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Growing the Middle Class   December 21st, 2008
Is this really an important goal?       


More observations...

It was reported today that Vice President-elect Joe Biden will lead a task force on expanding the middle class. But is expanding the middle class really a reasonable goal?


Vice President-elect Joe Biden will oversee a task force that will make recommendations on how to build the ranks of the middle class, that ambiguously defined segment of society in which most Americans identify themselves.

Biden said the task force will include other Cabinet members and it will present President-elect Barack Obama with a package of proposals designed to ensure the middle class is "no longer being left behind."

Biden said the measure of economic success in an Obama administration would be whether the middle class was growing. He said Obama planned to announce the formation of the task force later Sunday.

This seems to me to be an inherently flawed goal, and subject to political spin.

Growing the middle class is not necessarily a good thing. If the growth in the middle class is caused by people falling out of the upper class, that's economic failure. Economic success only exists if the middle class is expanded by pulling people up from the lower class, and economic success exists if the upper class is expanded by pulling people up from the middle class. In both cases this is measured by watching the size of the lower class and upper class, not the middle class.

In fact, we'd be experiencing extremely successful economics if the middle class stayed exactly the same--but the upper class grew by the same amount the lower class shrunk. This would mean the number of people that went from lower to middle was the same as went from middle to upper. And that'd be a great thing even though the size of the middle class stayed exactly the same!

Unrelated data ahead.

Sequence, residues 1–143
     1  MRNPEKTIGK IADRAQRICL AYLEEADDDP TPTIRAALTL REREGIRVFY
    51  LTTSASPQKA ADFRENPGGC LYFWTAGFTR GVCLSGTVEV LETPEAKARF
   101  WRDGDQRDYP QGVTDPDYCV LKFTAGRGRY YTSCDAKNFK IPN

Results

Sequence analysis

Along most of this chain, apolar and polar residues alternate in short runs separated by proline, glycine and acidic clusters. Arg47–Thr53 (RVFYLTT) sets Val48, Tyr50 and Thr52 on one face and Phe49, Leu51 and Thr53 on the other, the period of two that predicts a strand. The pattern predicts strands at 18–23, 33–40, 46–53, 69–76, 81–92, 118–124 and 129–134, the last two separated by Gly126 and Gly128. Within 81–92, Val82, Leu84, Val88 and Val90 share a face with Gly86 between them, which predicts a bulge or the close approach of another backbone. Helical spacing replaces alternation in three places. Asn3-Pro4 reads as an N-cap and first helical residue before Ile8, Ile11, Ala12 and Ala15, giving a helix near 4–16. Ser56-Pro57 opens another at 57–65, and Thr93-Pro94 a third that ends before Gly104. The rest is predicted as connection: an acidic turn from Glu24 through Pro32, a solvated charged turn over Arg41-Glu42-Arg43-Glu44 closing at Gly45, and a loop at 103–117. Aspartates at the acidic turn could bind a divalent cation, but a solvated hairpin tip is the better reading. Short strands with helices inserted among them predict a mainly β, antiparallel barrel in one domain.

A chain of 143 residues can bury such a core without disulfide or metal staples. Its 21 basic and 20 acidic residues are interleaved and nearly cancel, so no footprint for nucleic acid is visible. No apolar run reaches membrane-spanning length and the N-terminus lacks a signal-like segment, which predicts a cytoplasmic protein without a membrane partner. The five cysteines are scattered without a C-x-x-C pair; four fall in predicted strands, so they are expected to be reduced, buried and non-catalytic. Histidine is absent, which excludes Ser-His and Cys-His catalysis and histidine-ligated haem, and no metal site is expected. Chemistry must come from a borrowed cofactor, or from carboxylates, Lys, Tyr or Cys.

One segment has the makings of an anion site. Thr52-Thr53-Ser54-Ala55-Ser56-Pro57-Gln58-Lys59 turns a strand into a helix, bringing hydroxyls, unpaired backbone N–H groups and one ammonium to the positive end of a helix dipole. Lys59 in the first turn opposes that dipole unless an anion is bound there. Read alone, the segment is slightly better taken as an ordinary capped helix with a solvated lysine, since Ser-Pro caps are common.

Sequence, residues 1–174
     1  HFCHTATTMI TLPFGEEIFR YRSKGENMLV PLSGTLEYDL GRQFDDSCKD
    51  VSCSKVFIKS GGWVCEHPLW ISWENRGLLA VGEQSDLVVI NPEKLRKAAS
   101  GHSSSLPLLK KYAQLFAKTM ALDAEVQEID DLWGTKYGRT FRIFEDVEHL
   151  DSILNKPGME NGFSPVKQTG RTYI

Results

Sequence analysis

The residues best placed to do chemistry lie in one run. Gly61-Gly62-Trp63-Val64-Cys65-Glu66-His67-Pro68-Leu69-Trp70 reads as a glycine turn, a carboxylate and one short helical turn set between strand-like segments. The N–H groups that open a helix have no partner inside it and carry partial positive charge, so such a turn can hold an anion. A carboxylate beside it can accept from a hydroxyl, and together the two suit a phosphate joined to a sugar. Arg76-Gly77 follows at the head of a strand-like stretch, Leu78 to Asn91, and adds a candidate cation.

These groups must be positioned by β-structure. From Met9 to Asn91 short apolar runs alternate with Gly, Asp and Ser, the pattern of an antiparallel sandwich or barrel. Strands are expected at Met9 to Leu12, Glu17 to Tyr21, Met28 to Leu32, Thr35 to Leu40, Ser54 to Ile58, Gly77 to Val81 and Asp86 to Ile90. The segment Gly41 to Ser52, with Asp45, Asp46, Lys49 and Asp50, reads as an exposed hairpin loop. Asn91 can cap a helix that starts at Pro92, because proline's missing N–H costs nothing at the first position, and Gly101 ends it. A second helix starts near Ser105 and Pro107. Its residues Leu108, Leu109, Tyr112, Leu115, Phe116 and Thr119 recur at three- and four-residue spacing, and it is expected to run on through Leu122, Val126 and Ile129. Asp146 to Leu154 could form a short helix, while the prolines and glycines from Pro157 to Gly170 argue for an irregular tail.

We should not be concerned about the size of middle class but rather trying to grow the upper class because that means people that were in the middle class were able to do better and join the ranks of the upper class. The success of policies targeted at the middle class are measured by growth in the upper class.

And the spin is that if they are trying to expand the middle class then obviously their policies aren't really targeted at those that already are in the middle class. You can't expand the middle class by assisting those that already are there. Rather, if you want to expand the middle class you either have to help the poor work their way up or have to punish the rich so they fall down. That means their cliched phrase "ensure the middle class is 'no longer being left behind'" is not compatible with their rhetoric since, once again, the middle class is being ignored--rather the attention will be making the upper class poorer and/or the lower class richer. The middle class is ignored.

This goes back to liberal economic theory which has a socialistic skew. If you can make everyone earn exactly the median income (that is precisely middle class), you've effectively achieved socialism since everyone earns the same amount. You can do this by making "expanding the middle class" the goal and then shrinking the range that defines the middle class until you gradually work towards everyone making as close to the median as possible. Then "equality"--in the mind of liberals--is achieved.

This goal goes further to illustrate the liberal mindset in that most Americans don't strive to be "middle class." Most of us want to be rich. Granted, there are poor people that would settle for being middle class, but very few children (and probably not too many poor or middle class adults) would say they want to be "middle class and famous." No, they want to be rich and famous.

The goal of expanding the middle class is a goal of mediocrity. Apparently Biden (and the Obama administration he is a part of) wants as many people to be as mediocre as possible. I submit that's a flawed goal and inherently uninspiring. We Americans strive for excellence, not mediocrity.

I would measure economic success by evaluating whether the number of poor decreases or the number of rich increase... or both. But trying to measure success by measuring the number of people that have achieved mediocrity is a rather uninspiring goal... and potentially just political smoke and mirrors that make the middle class think the government is thinking of them when really the government is instituting policies to prop up the poor and/or punish the rich: The two things that will increase the size of the middle class.

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